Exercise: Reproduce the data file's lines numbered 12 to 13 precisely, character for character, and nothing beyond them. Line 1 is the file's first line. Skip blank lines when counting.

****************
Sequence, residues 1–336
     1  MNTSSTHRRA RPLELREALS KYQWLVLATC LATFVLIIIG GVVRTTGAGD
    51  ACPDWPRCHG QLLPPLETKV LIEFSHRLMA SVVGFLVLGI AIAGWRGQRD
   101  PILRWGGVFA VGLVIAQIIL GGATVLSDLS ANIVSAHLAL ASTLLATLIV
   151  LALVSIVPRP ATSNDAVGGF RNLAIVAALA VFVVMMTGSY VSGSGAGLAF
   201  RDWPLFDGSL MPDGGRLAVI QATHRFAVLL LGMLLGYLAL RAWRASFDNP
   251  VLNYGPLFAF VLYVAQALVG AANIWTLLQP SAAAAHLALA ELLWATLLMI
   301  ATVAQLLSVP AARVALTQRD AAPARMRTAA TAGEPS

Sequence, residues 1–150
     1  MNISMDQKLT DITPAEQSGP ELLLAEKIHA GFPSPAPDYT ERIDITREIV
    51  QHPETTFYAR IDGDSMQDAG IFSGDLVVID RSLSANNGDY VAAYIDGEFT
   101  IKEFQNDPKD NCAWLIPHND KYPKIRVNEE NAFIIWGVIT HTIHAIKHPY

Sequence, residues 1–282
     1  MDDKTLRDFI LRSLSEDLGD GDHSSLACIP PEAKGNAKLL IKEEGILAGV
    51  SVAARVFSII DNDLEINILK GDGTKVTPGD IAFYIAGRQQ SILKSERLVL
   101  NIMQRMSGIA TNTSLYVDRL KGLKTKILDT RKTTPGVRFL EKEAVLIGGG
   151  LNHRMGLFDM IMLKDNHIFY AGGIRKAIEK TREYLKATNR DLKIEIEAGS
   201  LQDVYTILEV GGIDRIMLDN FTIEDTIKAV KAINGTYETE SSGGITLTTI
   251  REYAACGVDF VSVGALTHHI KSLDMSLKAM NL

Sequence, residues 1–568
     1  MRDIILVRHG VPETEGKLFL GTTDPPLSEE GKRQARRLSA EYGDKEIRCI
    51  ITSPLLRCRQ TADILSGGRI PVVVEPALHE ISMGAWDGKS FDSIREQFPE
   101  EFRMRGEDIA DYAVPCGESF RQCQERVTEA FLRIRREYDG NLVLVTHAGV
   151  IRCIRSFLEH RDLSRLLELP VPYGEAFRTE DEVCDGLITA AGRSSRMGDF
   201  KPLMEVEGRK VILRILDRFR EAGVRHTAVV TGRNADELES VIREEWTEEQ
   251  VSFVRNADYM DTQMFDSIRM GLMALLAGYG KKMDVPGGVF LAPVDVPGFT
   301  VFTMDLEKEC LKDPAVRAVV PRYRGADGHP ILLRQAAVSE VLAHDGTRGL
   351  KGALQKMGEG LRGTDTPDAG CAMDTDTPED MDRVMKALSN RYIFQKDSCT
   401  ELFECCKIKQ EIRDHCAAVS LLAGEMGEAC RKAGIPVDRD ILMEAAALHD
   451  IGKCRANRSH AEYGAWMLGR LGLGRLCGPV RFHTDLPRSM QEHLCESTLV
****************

   101  IKEFQNDPKD NCAWLIPHND KYPKIRVNEE NAFIIWGVIT HTIHAIKHPY

Sequence, residues 1–282